The arrest of leading pro-democracy figures in Hong Kong, especially Martin Lee QC, should give rise to the utmost distress and concern, especially since China’s Liaison Office in Hong Kong asserted that it can effectively interfere with the policy and functioning of the Hong Kong SAR Government.
In the years from 1981 to 2013, I spent nine years teaching law at the University of Hong Kong, seven years at the Chinese University of Hong Kong and one year at City University of Hong Kong. I had the pleasure of having some of the present-day senior judiciary as students.
From the early 1980s, I was very much disturbed that the laws we taught had no consent from the people they governed, due to the lack of any real semblance of democracy in Hong Kong.
Of course, that suited the British and Chinese governments. I guess it also suited me as I regularly banked my paycheque. Tacit consent was how we salved our consciences.
I wrote a snippet in the Hong Kong Law Journal circa 1982 entitled “I Trod with Mastodons,” seeking to articulate the city’s bemused rejection of the American and French Revolution’s stamp on world history, namely that only those who ruled with the consent of the governed were legitimate.
Much of life is about perceptions. Hong Kong has long been perceived as very different from mainland China. It’s safer, its systems less arbitrary. Officials are more restrained, disciplined. A lot of that is due to the fundamentally different legal systems.
Hong Kong’s laws and lawmakers may have had little claim to legitimacy but its judges did, as they were independent of the lawmakers. That changed to a degree, perhaps fatally, with the Chief Executive’s referral of the Court of Final Appeal’s decision in Ng v Director of Immigration to the Standing Committee of the National People’s Congress.
This is a body with no claim to any kind of independence from the government, indeed, it is the essence of government. My lament was published as an article in the South China Morning Post entitled, “The Day the Law Died in Hong Kong,” in the early 90s.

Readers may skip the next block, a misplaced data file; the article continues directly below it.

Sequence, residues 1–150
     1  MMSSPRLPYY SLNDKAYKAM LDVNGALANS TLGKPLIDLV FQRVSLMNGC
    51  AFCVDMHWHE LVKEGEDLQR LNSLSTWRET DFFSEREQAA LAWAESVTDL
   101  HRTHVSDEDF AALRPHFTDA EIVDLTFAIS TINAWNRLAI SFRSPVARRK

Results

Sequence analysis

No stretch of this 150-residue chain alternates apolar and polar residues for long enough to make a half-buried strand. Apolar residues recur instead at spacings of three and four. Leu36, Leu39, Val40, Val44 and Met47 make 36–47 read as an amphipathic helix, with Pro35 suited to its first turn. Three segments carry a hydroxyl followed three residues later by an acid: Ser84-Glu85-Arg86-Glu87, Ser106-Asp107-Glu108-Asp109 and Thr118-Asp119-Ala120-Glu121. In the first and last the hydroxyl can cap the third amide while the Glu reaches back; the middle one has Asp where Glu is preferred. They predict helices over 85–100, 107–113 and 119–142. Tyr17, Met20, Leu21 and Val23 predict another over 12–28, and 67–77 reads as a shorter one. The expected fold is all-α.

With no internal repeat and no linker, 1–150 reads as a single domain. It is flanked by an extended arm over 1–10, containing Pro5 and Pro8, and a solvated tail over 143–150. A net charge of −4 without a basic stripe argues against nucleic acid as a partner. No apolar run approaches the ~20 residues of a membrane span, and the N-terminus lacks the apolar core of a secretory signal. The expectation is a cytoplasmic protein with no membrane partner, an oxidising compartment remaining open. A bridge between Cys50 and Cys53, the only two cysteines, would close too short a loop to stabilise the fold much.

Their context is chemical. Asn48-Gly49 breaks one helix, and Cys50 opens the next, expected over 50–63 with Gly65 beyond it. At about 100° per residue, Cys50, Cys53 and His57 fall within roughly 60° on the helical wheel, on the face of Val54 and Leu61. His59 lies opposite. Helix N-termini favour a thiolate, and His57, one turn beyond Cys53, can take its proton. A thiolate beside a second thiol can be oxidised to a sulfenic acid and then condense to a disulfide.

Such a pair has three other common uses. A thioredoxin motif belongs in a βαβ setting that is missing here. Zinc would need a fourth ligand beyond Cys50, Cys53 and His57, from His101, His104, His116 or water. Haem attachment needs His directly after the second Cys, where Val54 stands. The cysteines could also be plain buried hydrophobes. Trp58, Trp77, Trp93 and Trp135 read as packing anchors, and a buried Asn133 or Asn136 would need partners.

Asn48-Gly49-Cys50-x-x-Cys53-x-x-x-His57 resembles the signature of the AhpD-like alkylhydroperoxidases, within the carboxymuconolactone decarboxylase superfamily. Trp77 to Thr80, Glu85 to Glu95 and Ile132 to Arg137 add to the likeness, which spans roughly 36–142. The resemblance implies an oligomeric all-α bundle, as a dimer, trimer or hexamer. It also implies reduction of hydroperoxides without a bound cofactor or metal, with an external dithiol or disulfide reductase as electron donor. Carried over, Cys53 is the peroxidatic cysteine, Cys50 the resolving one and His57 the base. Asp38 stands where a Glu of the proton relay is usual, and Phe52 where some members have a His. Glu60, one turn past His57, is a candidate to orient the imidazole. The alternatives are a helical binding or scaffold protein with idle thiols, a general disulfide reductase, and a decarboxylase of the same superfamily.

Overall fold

From the mid-1980s, I have had the privilege of writing books and articles with Professor Zheng Chengsi, of the Chinese Academy of Social Sciences, about the development of law in China, which in those days was almost totally concerning intellectual property as a mode of technology transfer from the Western world.
There were no contract laws, property laws, even road traffic laws. Only a short time before, advocating law was a counter-revolutionary offence.
Those were heady days when the thousands of years old Chinese cultural debate between anti-legalist Confucianism and Legalism struggled to contend in the ideology of the Chinese leadership.
Confucianism, in the sense of yielding to the interests of others, is, of course, a major plank in humankind’s golden rule of morality. But the state is more than an aggregation of others.
Greek-based civilisations developed democracy, natural law, and then human rights as a bulwark against the excesses of the state. In China, Legalism of course won and we have what is called the Chinese legal system.
But many scholars fought hard to insist it was merely a system of administrative authorisation as it lacked the hallmarks of rule of law. Principally, it lacked any semblance of an independent judiciary, the umpires as to how the game, whichever game is chosen, is to be played.
In China, the winning team (the Chinese Communist Party) tells the umpires what the rules of the game they are playing mean. When you’re extradited to China to face a criminal charge those are the umpire or judges you face.
In a similar way, around the time of the accession of the current Chinese leader Xi Jinping, independence of the judiciary was flirted with as a method of controlling Communist Party discipline, if nothing else.